5. Install the pulleys. They can be torqued to 10 Nm by just holding the pulley with your hand, and make sure the fan pulley is in line with the others. It's easy to install backwards, which will offset it from the other pulleys. After making sure all the pulleys are in line, move the tensioner pulley to the inboard limit of travel (left as you look into the engine compartment and you may have to wiggle unattached top of the shock to keep it from interfering with anything solid so you can move the tensioner pulley all the way to the inboard limit) and install the belt.

6. With the belt installed, turn the tensioner nut CW until the base of the nut contacts the bracket, which takes all the slack is out of the tensioner rod, then set the pointer at the bottom of the ramp. (It "rachets" in small increments.) Now continue to turn the tensioner nut CW (I used a 13 mm socket on a speed handle) and notice that the pointer begins moving up the ramp. If the pointer does not move up the ramp in equal incrments with each consistent increment (say a half turn) of CW adjuster nut rotation, the rubber sleeve bushing (between the inner and outer tensioner segments) holding torque is below minimum and the tensioner must be replaced. Same if the pointer makes it only part way up the ramp and then stops moving as the adjuster nut is turned CW. If this is the case you can bend the adjuster rod if you keep turning the nut because the rod will eventually interfere with the adjuster housing. Assuming you have a good tensioner continue to turn the tensioner nut CW until the pointer reaches the top of the ramp or just a little beyond and then torque the lock bolt to 56 lb-ft.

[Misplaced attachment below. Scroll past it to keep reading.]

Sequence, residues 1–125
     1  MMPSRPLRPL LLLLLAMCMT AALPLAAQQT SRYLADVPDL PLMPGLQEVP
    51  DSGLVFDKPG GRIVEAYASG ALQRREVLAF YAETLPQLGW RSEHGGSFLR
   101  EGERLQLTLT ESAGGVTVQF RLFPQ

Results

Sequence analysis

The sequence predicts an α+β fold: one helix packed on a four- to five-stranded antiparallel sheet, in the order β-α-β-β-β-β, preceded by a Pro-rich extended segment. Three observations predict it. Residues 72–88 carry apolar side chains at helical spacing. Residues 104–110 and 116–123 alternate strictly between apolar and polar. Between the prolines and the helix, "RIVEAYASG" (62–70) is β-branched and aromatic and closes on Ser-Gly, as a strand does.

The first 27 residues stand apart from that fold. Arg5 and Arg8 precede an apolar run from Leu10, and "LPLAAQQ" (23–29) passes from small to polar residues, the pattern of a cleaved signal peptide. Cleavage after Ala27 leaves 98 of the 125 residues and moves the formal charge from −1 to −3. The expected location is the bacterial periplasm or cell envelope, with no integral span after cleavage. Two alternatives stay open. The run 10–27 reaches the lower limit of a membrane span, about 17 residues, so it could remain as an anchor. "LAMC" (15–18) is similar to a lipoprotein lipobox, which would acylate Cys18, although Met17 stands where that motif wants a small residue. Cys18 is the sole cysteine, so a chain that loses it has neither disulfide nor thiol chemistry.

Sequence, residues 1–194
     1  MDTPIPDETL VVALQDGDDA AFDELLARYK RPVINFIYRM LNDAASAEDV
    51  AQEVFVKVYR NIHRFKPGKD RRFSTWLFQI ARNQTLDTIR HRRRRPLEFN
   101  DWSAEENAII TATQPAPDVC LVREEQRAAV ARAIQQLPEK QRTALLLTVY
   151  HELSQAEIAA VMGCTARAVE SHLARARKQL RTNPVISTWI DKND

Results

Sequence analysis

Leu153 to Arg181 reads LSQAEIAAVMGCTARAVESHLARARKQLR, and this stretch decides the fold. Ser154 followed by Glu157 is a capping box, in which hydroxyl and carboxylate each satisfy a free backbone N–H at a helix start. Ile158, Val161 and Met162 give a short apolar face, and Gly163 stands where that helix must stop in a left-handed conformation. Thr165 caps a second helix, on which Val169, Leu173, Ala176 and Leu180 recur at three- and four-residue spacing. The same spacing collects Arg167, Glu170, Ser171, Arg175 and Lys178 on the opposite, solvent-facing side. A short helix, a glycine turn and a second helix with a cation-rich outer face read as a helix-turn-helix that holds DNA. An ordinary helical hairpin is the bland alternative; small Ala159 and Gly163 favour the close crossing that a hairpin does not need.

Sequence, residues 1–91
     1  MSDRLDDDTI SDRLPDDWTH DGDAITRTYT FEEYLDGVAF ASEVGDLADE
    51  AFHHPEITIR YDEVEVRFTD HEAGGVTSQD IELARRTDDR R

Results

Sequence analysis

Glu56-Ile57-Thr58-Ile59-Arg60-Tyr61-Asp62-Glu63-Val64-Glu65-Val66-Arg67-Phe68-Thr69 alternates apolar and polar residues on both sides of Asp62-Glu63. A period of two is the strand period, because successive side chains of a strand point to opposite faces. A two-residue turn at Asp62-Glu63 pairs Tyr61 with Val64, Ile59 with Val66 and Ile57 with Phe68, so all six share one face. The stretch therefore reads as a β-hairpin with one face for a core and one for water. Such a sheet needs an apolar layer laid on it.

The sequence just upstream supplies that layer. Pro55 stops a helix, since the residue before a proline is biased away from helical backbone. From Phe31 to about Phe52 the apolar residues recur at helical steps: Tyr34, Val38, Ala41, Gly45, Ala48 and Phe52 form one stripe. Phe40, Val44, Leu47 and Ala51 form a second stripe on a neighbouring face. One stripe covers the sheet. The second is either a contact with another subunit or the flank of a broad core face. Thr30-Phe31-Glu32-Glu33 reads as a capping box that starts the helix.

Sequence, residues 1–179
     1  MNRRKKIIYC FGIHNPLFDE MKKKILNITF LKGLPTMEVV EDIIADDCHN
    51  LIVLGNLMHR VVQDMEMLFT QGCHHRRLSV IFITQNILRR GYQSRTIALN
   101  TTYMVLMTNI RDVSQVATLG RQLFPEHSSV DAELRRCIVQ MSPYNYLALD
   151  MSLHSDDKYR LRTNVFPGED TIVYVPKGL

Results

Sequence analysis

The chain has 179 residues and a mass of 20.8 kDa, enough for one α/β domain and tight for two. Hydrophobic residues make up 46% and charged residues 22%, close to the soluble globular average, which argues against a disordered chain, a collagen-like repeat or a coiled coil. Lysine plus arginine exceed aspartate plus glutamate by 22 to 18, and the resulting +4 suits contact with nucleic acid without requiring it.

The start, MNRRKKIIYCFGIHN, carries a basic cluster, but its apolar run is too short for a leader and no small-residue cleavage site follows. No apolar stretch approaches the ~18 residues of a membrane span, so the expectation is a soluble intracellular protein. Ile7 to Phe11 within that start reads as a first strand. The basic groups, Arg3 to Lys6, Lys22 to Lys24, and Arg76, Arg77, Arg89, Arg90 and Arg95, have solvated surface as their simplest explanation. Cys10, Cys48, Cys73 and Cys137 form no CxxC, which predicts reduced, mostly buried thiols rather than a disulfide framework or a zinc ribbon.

7. At this point I suggest you recheck torque on all the pulley bolts, then expand the shock until you can install the upper mount bolt and nut. (The shock requires considerable force to compress, but very little to expand.)

8. At this point you're done except to reinstall the fan and shroud.